2. Xu, Yangfei & Zhang, Qinghua & Zheng, Siqi, 2015. "The rising demand for subway after private driving restriction: Evidence from Beijing's housing market," Regional Science and Urban Economics, Elsevier, vol. 54(C), pages 28-37.
    3. Anderson, Michael L. & Lu, Fangwen & Zhang, Yiran & Yang, Jun & Qin, Ping, 2016. "Superstitions, street traffic, and subjective well-being," Journal of Public Economics, Elsevier, vol. 142(C), pages 1-10.
    4. Chia-Wen Chen & Wei-Min Hu & Christopher R. Knittel, 2017. "Subsidizing Fuel Efficient Cars: Evidence from China's Automobile Industry," NBER Working Papers 23045, National Bureau of Economic Research, Inc.
    5. Xueying Lu, 2016. "Effectiveness of government enforcement in driving restrictions: a case in Beijing, China," Environmental Economics and Policy Studies, Springer;Society for Environmental Economics and Policy Studies - SEEPS, vol. 18(1), pages 63-92, January.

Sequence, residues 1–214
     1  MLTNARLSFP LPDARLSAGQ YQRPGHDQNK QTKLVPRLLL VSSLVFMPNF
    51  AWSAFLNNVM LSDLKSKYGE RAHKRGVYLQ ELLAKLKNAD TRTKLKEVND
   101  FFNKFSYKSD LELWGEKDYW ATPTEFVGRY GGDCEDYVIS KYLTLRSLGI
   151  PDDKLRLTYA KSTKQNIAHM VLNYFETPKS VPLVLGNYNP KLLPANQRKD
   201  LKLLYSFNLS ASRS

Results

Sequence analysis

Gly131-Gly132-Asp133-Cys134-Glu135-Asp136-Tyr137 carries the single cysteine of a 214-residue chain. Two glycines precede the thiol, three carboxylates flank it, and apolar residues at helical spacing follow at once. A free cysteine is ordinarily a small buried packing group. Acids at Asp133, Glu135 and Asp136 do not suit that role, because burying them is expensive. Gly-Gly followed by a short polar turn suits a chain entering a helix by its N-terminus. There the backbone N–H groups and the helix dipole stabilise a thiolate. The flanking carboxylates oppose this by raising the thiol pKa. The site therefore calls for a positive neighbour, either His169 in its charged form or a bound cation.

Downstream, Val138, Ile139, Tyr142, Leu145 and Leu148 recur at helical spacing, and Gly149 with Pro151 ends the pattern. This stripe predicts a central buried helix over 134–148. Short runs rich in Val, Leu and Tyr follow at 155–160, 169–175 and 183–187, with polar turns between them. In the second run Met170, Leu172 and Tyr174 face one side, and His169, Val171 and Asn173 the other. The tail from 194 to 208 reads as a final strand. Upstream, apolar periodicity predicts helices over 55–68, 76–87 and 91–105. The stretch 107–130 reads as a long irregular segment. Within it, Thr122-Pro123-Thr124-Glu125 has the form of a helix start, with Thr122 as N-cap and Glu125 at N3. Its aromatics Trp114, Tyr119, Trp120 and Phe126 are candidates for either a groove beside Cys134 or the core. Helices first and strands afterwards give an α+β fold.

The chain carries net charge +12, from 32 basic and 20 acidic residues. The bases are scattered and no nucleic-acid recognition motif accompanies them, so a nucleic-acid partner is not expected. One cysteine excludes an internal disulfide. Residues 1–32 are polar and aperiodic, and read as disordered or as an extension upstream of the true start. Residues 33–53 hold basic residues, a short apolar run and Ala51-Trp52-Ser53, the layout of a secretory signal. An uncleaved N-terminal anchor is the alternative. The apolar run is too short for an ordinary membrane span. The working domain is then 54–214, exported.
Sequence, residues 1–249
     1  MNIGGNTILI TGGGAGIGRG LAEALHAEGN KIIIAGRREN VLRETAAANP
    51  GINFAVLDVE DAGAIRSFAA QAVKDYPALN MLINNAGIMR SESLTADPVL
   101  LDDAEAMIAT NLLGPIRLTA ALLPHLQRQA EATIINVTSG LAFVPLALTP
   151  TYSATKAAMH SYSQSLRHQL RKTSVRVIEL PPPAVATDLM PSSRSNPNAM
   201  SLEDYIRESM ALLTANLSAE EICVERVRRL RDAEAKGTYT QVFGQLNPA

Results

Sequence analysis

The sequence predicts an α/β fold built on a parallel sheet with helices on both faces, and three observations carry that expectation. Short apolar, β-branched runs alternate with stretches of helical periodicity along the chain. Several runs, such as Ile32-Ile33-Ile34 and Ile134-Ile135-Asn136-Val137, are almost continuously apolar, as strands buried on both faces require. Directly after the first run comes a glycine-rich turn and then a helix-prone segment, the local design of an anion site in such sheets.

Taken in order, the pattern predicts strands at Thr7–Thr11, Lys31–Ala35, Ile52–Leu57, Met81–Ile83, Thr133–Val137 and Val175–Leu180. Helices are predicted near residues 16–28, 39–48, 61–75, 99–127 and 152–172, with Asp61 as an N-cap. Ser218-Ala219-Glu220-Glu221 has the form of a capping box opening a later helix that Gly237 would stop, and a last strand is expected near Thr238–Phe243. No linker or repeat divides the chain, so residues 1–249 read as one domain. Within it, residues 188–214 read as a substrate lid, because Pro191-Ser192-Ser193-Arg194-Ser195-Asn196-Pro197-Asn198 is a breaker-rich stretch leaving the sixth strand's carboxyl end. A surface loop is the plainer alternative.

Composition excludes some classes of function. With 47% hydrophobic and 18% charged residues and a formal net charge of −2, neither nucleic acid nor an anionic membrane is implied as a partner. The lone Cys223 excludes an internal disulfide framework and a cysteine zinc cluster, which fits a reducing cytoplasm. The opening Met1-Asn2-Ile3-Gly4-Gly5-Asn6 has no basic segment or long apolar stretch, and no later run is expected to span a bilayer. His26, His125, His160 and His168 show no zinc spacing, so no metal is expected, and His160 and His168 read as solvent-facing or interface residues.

6. repec:spr:jopoec:v:31:y:2018:i:1:d:10.1007_s00148-017-0653-0 is not listed on IDEAS
    7. Xueying Lu, 2016. "Effectiveness of government enforcement in driving restrictions: a case in Beijing, China," Environmental Economics and Policy Studies, Springer;Society for Environmental Economics and Policy Studies - SEEPS, vol. 18(1), pages 63-92, January.
    8. Fu, Shihe & Gu, Yizhen, 2017. "Highway toll and air pollution: Evidence from Chinese cities," Journal of Environmental Economics and Management, Elsevier, vol. 83(C), pages 32-49.
    9. Zhang, Wei & Lin Lawell, C.-Y. Cynthia & Umanskaya, Victoria I., 2017. "The effects of license plate-based driving restrictions on air quality: Theory and empirical evidence," Journal of Environmental Economics and Management, Elsevier, vol. 82(C), pages 181-220.